New Workers' Compensation Rules on Opioids: What Does it Mean for You?

New Workers’ Compensation Health Care Services Rules limit treatment for injured Michigan workers suffering from chronic pain. 

 Effective December 24, 2014, the Michigan Workers’ Compensation Agency implemented new rules governing injured workers’ use of pain medications containing opioid analgesics such as morphine, codeine, and methadone.  Injured Michigan workers often use opioid or narcotic medications to control pain that results serious work injuries. These rules apply to all work injuries causing chronic pain except cancer-related pain.  

 Rule1008a(1) states that in order for an injured worker's doctors  to receive payment for opioid or narcotic pain treatment for chronic pain beyond 90 days, the doctor must submit a written report to the payer (insurance company or self-insured employer) every 90 days.  The report required of the doctors is very detailed.  Among other information, the doctors’ 90 day reports will need to include the following:

  •   A full summary of the care rendered to the injured worker that focuses on increased function and return to work;
  • A statement as to why other alternative treatment of the injured worker was ineffective;
  • A statement that the doctor considered the results of screening tools to detect factors that may increase the risk of abuse by the injured worker such as history of alcohol or drug abuse;
  • A treatment plan including overall goals and functional progress,
  • Periodic drug screens, and a conscientious effort to reduce the injured worker’s pain through non-opioid treatment. 

 The doctor and the injured worker will also be required to enter a drug treatment agreement signed by both the injured worker and the doctor.  This agreement will outline the risks and benefits of opioid use, the conditions in which the doctor will prescribe opioids for the injured worker, and the responsibilities of the prescribing doctor and the injured worker.  The agreement between the doctor and the injured worker must be reviewed and updated every 6 months.

 Finally, R418.101008b allows the workers’ compensation insurance company or employer to deny reimbursement to doctors for prescribing and dispensing opioid or narcotic medications used to treat chronic pain related to serious work injuries.  Denial of reimbursement may occur if the workers’ compensation carrier or employer determines that the doctor’s reporting and treatment plan are not adequate. 

Why should a workers’ compensation insurance adjuster have the power to make these medical decisions?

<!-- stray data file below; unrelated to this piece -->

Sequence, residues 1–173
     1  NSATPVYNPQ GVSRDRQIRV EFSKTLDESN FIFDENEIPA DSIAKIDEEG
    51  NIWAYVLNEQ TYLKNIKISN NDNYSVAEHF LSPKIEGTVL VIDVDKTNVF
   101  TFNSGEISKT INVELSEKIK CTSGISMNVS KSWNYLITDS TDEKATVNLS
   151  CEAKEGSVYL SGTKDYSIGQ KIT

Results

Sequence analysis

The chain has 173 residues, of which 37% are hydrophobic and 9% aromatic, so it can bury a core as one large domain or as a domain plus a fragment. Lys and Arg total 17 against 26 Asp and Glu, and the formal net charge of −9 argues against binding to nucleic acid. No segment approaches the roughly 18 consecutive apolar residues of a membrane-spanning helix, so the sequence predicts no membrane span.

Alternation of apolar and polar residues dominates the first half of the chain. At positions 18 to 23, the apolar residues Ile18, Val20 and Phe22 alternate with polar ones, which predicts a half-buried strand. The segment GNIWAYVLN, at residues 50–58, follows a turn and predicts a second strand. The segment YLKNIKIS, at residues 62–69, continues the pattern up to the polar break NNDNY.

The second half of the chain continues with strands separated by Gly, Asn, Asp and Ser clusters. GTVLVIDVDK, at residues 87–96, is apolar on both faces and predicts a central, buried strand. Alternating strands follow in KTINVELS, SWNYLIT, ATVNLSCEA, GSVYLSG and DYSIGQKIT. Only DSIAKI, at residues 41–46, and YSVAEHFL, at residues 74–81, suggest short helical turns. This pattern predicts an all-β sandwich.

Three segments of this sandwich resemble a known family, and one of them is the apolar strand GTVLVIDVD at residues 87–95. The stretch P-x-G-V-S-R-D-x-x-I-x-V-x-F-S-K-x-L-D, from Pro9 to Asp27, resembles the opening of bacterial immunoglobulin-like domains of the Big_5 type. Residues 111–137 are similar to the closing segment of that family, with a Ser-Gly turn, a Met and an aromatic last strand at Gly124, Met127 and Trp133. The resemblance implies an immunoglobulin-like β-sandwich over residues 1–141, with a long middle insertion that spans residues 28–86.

Of course, the workers’ compensation attorneys at McCroskey Law truly understand the problems with injured workers becoming addicted to pain medications because of use to treat chronic pain related to work injuries.  However, we believe that the new Workers’ Compensation Agency rules go much too far by making it difficult for doctors to treat injured workers. 

First, the rules impede treating doctors’ decision-making power when treating injured workers with chronic pain.  Most of us agree that our own doctor is in the best position to help us make decisions about the best form of medical treatment.  Why take the decision-making power regarding medical care away from our doctors and give it to insurance companies and employers?

Secondly, the reporting requirements for the doctors and the patients is so time consuming and cumbersome that coverage for opioid treatment for chronic work-related pain will be shifted away from workers’ compensation system and onto other forms of insurance where reporting is not required, such as group employer health insurance, Medicaid and Medicare.  The workers’ compensation insurance companies and employers are responsible to pay for medical treatment related to work injuries, not Medicaid,  Medicare, or other health insurance. 

Finally, and most importantly, many doctors will simply refuse to treat injured workers because of the time and cost associated with the reporting requirements of the new rules.  These rules will take away an injured worker’s ability to treat with the doctor of his or her choice. 

 If you are an injured worker suffering chronic pain, these new rules may greatly impact how your doctor will be able to provide care to you by use of pain medications.  If your medical treatment has been cut off, contact the lawyers at McCroskey Law right away for a free consultation.  We may be able to help get your treatment reinstated.